Concerns have emerged among EU consumer groups that plans in Italy to establish a single firm overseeing the rollout of the country’s future broadband infrastructure could lead to a ‘quasi-monopolistic’ market structure.
Italian Telecommunications firm TIM has plans to merge with rival Open Fiber in a bid to roll out a single ultrafast broadband network in the country, which has received the backing of the Italian government.
At the end of August, TIM had signed off on an agreement with Italy’s public investment bank Cassa Depositi e Prestiti (CDP), allowing for the creation of a new firm, ‘AccessCo,’ as part of the Open Fiber merger.
The move could lead to a “quasi-monopolistic access network that could be detrimental for the market, with the ultimate price to be paid by Italian consumers and businesses,” said a letter penned to the Commission by EU consumer group Euroconsumers and national affiliate Altroconsumo on Monday (12 October).
The letter also highlights fears associated with vertical integration of the merger, which would see TIM maintain a significant degree of control over the new ultra-broadband infrastructure, while at the same time being a network operator, making use of the new service.
“Particular attention should be paid to TIM’s ambition to maintain control over the merged company, since the existence of vertical links between the Single Network and a dominant retail operator would contradict the fundamental principles of competition,” the letter stated.
Moreover, TIM’s control over the new company could lead to a wider culture of telecommunications monopolisation in Europe and would set a bad example for competition in the sector, the groups said.
“The transaction at stake may create a dangerous precedent for other countries, where a return to a network monopoly could be also advocated similarly to Italy, and thus result in serious risks for European consumers in general,” the letter stated.
The new company is likely to take advantage of a purse issued as part of the EU’s Recovery and Resilience Fund, in order to accelerate the digital transition in Italy.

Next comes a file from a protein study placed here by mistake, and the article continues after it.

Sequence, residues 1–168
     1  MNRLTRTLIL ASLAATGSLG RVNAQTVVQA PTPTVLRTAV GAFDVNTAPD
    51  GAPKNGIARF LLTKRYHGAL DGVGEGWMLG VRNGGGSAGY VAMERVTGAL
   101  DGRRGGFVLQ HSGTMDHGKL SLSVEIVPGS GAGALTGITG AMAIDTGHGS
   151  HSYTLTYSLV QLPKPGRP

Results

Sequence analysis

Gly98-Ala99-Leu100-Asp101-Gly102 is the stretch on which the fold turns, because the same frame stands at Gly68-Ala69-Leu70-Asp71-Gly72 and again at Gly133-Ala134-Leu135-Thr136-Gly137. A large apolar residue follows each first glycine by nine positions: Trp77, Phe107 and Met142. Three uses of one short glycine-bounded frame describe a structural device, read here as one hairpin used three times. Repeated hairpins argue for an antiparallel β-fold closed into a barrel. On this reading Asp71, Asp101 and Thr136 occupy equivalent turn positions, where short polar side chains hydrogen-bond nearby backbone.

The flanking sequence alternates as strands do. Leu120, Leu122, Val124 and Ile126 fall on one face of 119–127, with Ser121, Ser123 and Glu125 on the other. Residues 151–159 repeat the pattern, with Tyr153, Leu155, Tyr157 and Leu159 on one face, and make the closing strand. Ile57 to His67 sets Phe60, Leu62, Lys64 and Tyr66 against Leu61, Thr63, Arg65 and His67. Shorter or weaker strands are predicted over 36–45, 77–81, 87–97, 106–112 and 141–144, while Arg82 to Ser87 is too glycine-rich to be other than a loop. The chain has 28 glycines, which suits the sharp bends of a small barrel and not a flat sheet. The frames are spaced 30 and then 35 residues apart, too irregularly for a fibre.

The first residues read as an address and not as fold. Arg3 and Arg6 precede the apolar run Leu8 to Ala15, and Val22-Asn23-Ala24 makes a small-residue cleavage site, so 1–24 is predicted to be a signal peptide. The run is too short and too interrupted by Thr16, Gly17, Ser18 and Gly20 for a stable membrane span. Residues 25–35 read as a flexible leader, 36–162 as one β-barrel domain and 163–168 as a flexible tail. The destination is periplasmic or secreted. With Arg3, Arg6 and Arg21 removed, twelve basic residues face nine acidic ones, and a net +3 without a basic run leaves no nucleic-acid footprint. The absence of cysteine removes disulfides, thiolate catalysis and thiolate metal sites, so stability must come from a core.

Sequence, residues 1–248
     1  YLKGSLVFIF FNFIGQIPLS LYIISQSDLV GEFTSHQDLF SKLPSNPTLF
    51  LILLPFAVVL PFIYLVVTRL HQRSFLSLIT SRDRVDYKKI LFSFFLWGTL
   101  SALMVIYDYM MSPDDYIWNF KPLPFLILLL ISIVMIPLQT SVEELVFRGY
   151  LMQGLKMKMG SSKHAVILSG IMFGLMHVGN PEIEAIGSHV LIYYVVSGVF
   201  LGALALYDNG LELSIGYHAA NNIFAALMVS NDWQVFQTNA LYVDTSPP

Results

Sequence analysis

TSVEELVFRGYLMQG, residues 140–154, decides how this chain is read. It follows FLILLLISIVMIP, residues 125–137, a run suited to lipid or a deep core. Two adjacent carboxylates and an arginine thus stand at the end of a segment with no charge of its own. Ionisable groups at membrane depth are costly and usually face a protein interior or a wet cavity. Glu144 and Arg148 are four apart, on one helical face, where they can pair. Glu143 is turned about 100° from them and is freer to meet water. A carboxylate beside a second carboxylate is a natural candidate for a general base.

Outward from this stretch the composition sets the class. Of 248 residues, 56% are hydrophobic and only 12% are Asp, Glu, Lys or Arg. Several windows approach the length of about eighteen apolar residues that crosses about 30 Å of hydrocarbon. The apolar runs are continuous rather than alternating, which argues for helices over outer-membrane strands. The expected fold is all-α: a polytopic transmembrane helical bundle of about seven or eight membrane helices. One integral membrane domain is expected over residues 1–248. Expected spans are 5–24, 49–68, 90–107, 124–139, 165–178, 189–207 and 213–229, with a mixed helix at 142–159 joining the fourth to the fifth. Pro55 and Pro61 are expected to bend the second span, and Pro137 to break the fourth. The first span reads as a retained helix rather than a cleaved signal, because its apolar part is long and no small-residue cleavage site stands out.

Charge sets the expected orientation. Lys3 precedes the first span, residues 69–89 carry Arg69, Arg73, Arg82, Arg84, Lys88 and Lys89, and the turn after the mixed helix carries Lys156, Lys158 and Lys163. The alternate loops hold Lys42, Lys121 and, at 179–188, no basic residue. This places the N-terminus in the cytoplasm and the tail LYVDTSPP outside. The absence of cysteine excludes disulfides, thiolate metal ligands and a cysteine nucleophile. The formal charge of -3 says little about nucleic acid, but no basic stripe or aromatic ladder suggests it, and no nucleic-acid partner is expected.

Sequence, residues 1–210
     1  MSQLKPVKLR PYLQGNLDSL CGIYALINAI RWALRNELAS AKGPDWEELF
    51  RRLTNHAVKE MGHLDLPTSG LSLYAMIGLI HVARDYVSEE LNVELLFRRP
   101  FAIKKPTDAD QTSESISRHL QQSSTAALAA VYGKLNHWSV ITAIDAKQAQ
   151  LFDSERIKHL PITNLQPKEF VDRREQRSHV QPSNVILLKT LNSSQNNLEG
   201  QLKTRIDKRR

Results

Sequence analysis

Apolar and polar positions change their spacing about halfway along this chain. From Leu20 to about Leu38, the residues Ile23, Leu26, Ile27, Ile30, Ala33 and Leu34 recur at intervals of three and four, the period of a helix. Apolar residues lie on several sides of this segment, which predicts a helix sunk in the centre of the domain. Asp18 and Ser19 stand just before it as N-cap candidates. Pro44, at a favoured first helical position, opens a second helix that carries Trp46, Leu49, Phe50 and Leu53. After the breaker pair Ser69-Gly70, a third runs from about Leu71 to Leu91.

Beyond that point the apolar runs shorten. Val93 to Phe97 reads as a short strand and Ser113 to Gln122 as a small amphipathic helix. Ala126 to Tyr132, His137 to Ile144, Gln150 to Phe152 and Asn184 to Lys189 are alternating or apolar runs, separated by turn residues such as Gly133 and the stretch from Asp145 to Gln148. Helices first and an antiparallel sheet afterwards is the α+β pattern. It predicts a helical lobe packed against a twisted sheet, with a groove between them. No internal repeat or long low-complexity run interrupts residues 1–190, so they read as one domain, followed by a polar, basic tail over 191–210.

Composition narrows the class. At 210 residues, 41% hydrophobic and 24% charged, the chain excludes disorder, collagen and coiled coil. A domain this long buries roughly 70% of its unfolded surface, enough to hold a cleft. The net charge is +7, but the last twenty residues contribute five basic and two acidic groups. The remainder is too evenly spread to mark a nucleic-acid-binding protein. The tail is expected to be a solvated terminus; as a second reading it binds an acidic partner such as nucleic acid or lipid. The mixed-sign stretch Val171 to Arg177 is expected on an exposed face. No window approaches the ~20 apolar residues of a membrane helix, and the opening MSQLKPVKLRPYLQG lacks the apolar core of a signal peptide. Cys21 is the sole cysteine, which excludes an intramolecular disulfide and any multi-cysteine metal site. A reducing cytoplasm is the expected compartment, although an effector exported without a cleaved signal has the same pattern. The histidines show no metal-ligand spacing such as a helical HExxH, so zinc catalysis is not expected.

Wider connectivity goals
During the coronavirus lockdown period earlier in the year, Italy’s patchy broadband coverage was exposed as rural communities found themselves physically isolated from one another. The Italian government has since noted the importance of bridging its connectivity divides.
In the telecommunications world, EU objectives for mobile connectivity have also faced a series of setbacks, owing both to the coronavirus crisis as well as wider geopolitical tensions between the US and China. This has been particularly evident with regards to 5G.
As part of the EU’s 2016 5G Action Plan, nations committed to developing their next-generation telecommunications infrastructures, including the launch of 5G services in all member states in at least one major city by the end of 2020.
Moreover, in the 2018 Electronic Communications Code, the EU pledged to enhance the deployment of 5G networks by ensuring the availability of 5G radio spectrum before the end of this year.
However, a series of EU nations, are yet to formally assign any of the frequencies across the 700 MHz, 3.6 GHz, and 26 GHz bands required for 5G deployment on the bloc. These include Bulgaria, Croatia, Cyprus, Estonia, Greece, Lithuania, Malta, Poland, and Slovenia, according to data from the EU’s 5G Observatory.
For the Commission’s part, such delays are concerning, in the context of the current public health crisis and the need for greater connectivity on the bloc.
“By the end of the year, there will be a legal obligation in all member states to assign operators to 5G pioneer frequencies,” an EU official told in early October.
“So if a member state will not assign these frequencies, they will be in breach of EU law.”